For many years, I’ve maintained a small stock of screws. They come in an array of shapes – countersunk, cheese-head, round-head, the oh-so-Canadian fillister-head, and hex. I never stocked the hex-headed ones because I didn’t have the appropriate tools to turn them.
The trouble with most of these screws is that they have a simple slot for a flat screwdriver. There are reasons why we have invented the Robertson and Allen head screws: they stay on the tool and the tool doesn’t slip. Heck, even the Philips head is preferable, but not by much.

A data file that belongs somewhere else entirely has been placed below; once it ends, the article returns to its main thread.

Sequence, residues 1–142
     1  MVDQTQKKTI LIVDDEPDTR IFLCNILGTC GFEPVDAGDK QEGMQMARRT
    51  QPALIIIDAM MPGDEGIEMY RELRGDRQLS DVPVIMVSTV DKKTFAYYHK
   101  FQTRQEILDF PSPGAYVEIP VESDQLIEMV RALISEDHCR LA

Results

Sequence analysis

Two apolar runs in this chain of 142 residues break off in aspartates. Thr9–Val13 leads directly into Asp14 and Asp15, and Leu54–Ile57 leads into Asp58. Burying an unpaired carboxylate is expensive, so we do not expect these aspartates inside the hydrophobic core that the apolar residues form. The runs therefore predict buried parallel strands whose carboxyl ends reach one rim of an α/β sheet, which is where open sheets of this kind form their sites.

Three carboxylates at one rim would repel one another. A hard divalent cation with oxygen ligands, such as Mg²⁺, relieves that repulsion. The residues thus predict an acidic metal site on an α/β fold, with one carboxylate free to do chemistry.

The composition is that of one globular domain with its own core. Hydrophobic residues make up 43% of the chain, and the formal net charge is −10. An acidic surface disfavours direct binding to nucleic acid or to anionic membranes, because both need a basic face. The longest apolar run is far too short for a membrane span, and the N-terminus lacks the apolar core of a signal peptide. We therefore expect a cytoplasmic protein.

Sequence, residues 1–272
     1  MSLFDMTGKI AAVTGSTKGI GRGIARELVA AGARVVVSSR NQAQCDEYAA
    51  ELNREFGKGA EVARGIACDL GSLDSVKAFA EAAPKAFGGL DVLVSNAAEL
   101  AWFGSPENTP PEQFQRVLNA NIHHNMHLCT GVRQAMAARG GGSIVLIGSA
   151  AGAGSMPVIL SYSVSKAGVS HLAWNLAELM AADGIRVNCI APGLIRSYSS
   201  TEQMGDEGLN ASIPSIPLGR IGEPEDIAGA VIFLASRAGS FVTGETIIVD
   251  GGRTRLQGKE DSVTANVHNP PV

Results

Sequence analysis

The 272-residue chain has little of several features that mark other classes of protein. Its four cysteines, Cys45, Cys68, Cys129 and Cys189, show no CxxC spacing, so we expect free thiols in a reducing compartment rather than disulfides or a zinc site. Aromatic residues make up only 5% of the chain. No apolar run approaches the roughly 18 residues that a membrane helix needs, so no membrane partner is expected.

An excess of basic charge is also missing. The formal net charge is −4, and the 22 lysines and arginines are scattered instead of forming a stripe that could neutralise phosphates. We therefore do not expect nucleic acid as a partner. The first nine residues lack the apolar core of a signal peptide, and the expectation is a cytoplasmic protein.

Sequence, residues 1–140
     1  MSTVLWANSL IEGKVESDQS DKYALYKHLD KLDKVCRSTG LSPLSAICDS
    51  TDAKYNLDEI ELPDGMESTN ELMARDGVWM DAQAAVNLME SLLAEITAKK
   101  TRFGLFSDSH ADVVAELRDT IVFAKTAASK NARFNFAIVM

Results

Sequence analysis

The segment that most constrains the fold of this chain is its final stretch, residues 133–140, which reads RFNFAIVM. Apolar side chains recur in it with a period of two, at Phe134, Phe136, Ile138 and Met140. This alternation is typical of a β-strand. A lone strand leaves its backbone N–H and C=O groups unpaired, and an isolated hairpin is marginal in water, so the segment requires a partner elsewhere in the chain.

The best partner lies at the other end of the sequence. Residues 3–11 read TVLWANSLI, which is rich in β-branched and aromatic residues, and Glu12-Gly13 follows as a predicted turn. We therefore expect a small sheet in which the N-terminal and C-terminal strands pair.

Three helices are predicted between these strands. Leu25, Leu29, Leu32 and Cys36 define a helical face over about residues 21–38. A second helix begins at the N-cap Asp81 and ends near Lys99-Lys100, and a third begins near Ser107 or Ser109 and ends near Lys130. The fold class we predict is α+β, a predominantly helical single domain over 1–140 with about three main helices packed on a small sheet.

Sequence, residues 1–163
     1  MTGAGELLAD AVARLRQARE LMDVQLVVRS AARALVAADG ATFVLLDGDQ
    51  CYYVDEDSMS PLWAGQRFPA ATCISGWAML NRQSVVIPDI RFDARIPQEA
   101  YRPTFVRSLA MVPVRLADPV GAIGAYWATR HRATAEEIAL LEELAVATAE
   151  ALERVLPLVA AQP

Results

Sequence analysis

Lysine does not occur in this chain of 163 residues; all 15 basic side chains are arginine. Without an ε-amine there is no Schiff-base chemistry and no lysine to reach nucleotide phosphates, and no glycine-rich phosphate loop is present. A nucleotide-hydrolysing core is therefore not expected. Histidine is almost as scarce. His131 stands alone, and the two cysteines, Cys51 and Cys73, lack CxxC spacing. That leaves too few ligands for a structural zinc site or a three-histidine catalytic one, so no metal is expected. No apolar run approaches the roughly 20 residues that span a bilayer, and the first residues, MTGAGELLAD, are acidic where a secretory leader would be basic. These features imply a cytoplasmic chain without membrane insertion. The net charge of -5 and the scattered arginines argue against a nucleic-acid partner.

As I was using the nut driver to screw M0.6 screws into 622’s crank pins, it dawned on me that hex-head screws have all the same benefits as Robertsons. Not only that, but they look less screwish if they sneak into view on a model.
So for Christmas, I asked Santa to bring me a set of nut drivers, and she duly filled my stocking with them. It’s taken me half a pandemic year to get some packets of screws, but these will be the new standard. Unless I need a countersunk screw, it will be hex from now on.